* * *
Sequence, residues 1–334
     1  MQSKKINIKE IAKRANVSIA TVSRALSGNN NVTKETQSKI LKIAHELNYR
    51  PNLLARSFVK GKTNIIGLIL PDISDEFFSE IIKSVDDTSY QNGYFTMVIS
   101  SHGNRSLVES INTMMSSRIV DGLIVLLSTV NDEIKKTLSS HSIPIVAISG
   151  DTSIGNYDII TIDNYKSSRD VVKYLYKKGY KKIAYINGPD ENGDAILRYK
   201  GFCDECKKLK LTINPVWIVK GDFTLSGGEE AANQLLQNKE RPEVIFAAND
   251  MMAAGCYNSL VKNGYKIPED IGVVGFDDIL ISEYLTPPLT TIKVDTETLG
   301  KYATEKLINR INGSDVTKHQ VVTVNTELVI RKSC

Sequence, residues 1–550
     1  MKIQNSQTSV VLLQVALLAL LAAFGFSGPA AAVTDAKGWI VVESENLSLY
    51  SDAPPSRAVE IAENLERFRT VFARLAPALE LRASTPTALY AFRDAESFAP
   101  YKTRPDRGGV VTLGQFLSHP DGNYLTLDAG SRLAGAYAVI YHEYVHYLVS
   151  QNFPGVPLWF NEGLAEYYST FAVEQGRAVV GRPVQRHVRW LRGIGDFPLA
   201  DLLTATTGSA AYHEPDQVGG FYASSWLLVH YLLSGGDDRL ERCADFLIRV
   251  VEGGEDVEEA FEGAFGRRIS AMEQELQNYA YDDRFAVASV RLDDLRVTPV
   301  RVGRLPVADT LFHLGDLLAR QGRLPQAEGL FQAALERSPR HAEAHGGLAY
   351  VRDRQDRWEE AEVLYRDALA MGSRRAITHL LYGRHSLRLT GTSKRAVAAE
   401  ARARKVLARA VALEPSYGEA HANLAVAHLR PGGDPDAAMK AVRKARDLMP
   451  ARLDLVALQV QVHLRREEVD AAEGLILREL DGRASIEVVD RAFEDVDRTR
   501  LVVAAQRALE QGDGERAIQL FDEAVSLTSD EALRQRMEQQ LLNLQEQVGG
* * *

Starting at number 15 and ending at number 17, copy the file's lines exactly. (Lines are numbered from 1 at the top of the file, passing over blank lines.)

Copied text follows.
   251  VEGGEDVEEA FEGAFGRRIS AMEQELQNYA YDDRFAVASV RLDDLRVTPV
   301  RVGRLPVADT LFHLGDLLAR QGRLPQAEGL FQAALERSPR HAEAHGGLAY
   351  VRDRQDRWEE AEVLYRDALA MGSRRAITHL LYGRHSLRLT GTSKRAVAAE